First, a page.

A local and heinous cobbled climb......top secret location
I need a diversion (as well as an excuse to continue this blog) now the cross season is over. My diversion last year was a trip to Flanders by way of a 40th Birthday recognition, as well as a more direct immersion in the cycling sub-culture that is the Spring Classics.
This year is no different, and to fill the void left by the abscence of cross races to watch or ride, I find myself returning to the medium that in many ways is closely allied to the challenging surfaces of cross - cobbles. Actually, I do not restrict the definition purely to cobbles, embracing not just cobbles but any road surface that is less than perfect - that is marked, pitted, potholed, gravelly,muddy, covered in organic matter etc. Basically anything that would frighten a time triallist silly, but presents the kind of challenge that Flandrian lanes, bergs, hellingen, Italian white gravel lanes a la Eroica, or Roubaix cobbles deliver in abundence.
The area in which I live is beautiful and conveniently hilly, with badly maintained, winter scarred roads. It also has a past firmly rooted in the Industrial Revolution and for a cyclist yearning for the true Belgian experience (that'll be me then), the presence of cobbles in many places makes it impossible not to draw parallels.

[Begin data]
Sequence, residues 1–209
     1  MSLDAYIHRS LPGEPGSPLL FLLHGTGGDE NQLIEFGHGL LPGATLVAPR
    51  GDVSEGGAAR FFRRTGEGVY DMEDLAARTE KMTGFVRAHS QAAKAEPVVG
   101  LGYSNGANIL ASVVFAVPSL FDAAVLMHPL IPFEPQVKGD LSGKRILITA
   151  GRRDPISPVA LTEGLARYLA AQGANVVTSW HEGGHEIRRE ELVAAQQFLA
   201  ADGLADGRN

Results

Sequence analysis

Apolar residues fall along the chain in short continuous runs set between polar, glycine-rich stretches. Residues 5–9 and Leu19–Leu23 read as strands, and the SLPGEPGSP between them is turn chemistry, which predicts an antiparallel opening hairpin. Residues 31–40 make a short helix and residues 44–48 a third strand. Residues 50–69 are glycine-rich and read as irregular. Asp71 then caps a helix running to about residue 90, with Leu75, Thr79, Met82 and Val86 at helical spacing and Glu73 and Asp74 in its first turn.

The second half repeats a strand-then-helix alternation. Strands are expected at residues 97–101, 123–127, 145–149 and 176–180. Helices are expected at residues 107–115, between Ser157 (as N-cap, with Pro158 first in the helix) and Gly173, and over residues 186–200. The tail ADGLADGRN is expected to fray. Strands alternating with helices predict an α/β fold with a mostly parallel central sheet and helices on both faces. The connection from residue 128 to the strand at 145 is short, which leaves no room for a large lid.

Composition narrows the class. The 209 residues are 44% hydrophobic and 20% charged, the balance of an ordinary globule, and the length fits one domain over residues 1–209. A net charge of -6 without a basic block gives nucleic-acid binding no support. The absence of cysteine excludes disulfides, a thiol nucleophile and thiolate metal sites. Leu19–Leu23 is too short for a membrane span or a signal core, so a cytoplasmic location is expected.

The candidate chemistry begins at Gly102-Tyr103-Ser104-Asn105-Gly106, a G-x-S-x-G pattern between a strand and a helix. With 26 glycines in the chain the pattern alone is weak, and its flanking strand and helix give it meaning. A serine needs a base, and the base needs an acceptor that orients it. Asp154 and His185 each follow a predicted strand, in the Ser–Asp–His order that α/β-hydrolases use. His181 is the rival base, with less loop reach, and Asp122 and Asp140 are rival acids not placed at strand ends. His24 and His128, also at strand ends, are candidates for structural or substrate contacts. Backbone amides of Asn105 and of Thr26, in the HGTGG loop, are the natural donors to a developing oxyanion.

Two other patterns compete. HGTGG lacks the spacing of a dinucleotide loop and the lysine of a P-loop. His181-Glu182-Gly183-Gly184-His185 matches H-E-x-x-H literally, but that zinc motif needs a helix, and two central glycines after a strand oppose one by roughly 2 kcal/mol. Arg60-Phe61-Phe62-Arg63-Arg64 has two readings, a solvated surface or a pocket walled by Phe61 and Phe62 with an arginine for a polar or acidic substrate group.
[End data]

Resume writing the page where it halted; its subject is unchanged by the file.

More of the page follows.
Hence the seeds of a Ronde van Oost Lancashire were born last year when I began to search out some of the steeper or more extensive cobbled streets to practice for the real thing in Flanders.
I began to think more about a route that pays homage to the real Ronde earlier this year - it requires multiple short sharp climbs, some tarmacced, some cobbled as well as some flatter faster sections of cobbles. The route of the Ronde van Vlaanderen itself is not necessarily an obvious nor classic one (and it varies slightly each year) - it ducks and dives around the area simply using the escarpments of the Flandrian hills to provide the challenge of the famous hellingen or hills. So too for my Ronde, using the rolling hills of this corner of Lancashire, some urbanised, some still very rural.
The Ronde profile is somewhat spiky after a pan flat start:
I've elected to avoid the flat start (there isn't any flat round here anyway) and get straight to the heart of the affair:
I begun riding and recceing sections of the route with cobble-sceptic friend Mark last weekend and will continue to tweak and refine it hopefully to give a memorable day out on a bike. There is still some debate for me whether to include a particular cobbled climb that I think is harder than the infamous Koppenberg! This unfortunately would take the route away from its heartland and towards a neighbouring county as well as adding distance so we shall see. The ultimate aim is to post the route here when it has been tweaked (over the next few weeks), with a downloadable Cue Sheet to allow others within striking distance to come and discover a little bit of Flanders in Northern England.